SEC deputy secretary Eduardo Aleman said that the CBOE BZX Exchange rescinded its request for a rule change. The change would have allowed it to list shares of the VanEck SolidX Bitcoin Trust.
What Bitwise explained is that they are not against crypto at all. The crypto industry has dreamed of a Bitcoin ETF since at least July 1, 2013. That was the time when the initial prospectus for the Winklevoss Bitcoin Trust was filed with the U.S. Securities and Exchange Commission (SEC). Since then, eight other firms: SolidX (and Van Eck), Grayscale, ProShares, Direxion, GraniteShares, First Trust, REX Shares and, as of January 10 Bitwise have submitted filings as well.
To date, all of the filings that have come to a regulatory endpoint have been either denied, delayed indefinitely or withdrawn. Today, only the Bitwise and SolidX/Van Eck filings are still in process at the SEC with targeted review dates.
“We’ve received a lot of questions about our ETF application since we filed, in part because the team here has decades of experience in ETFs: Among our leadership team, John Hyland, Bitwise Global Head of ETFs, was the chief architect of the first crude oil ETF (ticker: USO) and the first natural gas ETF (ticker: UNG), and Matt Hougan, Bitwise Global Head of Research, was the former CEO of leading ETF data and analysis firm ETF.com.”
As it seems, the biggest misconception that the industry today is encountering while discussing the outlook for a crypto ETF is the belief that the SEC is fundamentally anti-crypto. The major reason for such a view for SEC comes from the fact that the regulator has had multiple delays in approving the first Bitcoin ETF. Reiterating his stand, chairman of the U.S. Securities and Exchange Commission (SEC) said that he still has a few worries before getting “comfortable” with the investment product.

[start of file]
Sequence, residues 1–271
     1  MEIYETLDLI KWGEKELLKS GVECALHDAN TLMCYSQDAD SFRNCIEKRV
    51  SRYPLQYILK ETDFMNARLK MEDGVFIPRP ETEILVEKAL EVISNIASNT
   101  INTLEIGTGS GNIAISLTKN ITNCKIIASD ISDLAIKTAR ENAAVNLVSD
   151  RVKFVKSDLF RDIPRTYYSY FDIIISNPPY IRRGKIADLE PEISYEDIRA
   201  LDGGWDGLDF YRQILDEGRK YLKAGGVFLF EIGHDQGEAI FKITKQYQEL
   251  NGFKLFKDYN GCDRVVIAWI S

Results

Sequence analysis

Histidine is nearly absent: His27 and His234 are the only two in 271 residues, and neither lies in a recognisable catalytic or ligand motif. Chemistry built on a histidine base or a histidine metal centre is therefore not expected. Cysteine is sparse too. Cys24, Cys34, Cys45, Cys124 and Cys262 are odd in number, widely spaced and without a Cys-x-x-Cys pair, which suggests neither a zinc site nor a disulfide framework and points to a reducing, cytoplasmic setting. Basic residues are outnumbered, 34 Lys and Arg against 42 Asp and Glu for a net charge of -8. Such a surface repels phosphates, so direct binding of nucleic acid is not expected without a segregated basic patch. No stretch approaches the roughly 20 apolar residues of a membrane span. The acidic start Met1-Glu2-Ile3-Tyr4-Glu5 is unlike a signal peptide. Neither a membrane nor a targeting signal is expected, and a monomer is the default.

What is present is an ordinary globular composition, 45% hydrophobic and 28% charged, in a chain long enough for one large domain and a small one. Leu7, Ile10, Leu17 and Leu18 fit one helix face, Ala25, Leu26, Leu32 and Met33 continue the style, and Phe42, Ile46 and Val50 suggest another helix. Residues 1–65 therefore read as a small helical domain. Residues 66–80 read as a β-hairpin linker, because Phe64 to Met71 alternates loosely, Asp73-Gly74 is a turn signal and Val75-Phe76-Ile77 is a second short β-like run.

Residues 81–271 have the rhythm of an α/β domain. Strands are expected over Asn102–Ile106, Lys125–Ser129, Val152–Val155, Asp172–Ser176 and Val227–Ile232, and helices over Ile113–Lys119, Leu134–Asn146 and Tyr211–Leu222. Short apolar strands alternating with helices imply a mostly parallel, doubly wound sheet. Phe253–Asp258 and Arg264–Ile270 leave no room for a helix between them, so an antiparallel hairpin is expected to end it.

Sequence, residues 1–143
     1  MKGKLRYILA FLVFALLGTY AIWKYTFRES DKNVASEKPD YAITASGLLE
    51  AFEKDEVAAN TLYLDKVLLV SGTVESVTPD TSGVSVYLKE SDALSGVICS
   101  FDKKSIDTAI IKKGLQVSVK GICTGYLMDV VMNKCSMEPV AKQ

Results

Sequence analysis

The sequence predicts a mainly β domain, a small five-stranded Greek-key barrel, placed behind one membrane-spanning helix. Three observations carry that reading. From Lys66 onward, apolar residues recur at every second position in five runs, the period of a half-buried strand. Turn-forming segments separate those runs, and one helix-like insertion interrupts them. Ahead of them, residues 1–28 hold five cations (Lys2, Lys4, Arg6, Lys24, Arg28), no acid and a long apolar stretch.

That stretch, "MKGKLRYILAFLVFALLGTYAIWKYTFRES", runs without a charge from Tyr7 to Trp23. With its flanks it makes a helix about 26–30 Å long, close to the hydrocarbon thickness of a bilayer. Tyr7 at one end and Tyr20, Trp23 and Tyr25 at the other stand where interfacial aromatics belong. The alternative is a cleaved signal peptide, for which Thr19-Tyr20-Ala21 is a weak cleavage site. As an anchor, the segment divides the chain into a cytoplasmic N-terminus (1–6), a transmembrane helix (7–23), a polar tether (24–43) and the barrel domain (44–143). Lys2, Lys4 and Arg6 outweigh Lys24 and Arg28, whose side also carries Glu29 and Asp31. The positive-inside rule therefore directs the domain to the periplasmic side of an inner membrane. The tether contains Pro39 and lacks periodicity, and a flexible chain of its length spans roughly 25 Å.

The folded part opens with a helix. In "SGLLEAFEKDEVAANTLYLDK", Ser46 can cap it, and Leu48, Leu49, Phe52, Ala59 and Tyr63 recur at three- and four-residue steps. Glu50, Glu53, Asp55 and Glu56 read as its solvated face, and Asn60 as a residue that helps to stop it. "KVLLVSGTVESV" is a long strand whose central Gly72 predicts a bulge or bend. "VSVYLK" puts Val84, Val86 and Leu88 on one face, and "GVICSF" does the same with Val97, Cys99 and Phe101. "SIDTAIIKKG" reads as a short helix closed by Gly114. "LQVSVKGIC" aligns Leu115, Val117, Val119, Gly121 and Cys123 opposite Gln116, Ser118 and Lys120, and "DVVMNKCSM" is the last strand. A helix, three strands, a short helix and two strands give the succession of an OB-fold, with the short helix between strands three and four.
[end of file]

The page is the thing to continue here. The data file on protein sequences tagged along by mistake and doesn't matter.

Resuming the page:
But if one looks at the history the every “first” in the ETF industry had to wait for multiple years before crossing the line. Bitwise list downs the “firsts” and the time each one has taken to cross it.
Some politicians in the US have sought to remove cryptocurrencies from the oversight of the SEC, which would free the industry up to build and flourish. We already wrote of how Two U.S. congressmen Warren Davidson and Darren Soto, are introducing a bill that would exclude digital currencies from securities classification and substantially improve the tax treatment for cryptos.
What was recently commissioned is a formal survey of 150 financial advisors, and a strong majority — 58% — said that an ETF would be their preferred way to invest. When asked what would make them more comfortable allocating to crypto in client portfolios, 54% said “better regulation” and 35% said “the launch of an ETF.” This holds true for many family offices and institutions as well.
The U.S. Government Shutdown, a Major Reason of the Withdrawal
The ongoing U.S. government shutdown has been a major spanner in the wheel of Bitcoin ETF. Thus, the U.S. Securities and Exchange Commission (SEC) has announced that it has decided to keep all operations on hold. However, the agency has staff “available to respond to emergency situations involving market integrity and investor protection, including law enforcement”.
The questions the SEC has asked publicly around custody, pricing, arbitrage and market manipulation in the crypto markets are the right issues to be discussing. These topics have been the source of real challenges over the last few years. We’re optimistic that progress in regulated crypto custody, the massive improvement in and expansion of the crypto market making community, and new data insights will help make approving a product more feasible.
Do We Actually Need A Crypto ETF?
There are a significant number of people who question the need for a crypto ETF, wondering why people would want to marry a next-gen financial technology like crypto with legacy financial technologies like ETFs.
The answer is that ETFs are a well-understood construct that is plug-and-play with the existing software platforms, paperwork, processes, and workflows that professional investors and firms use. At a 0.25%-10% allocation, crypto isn’t a deep focus of most investors, and most aren’t going to reinvent the wheel just to access it. They need it to be easy.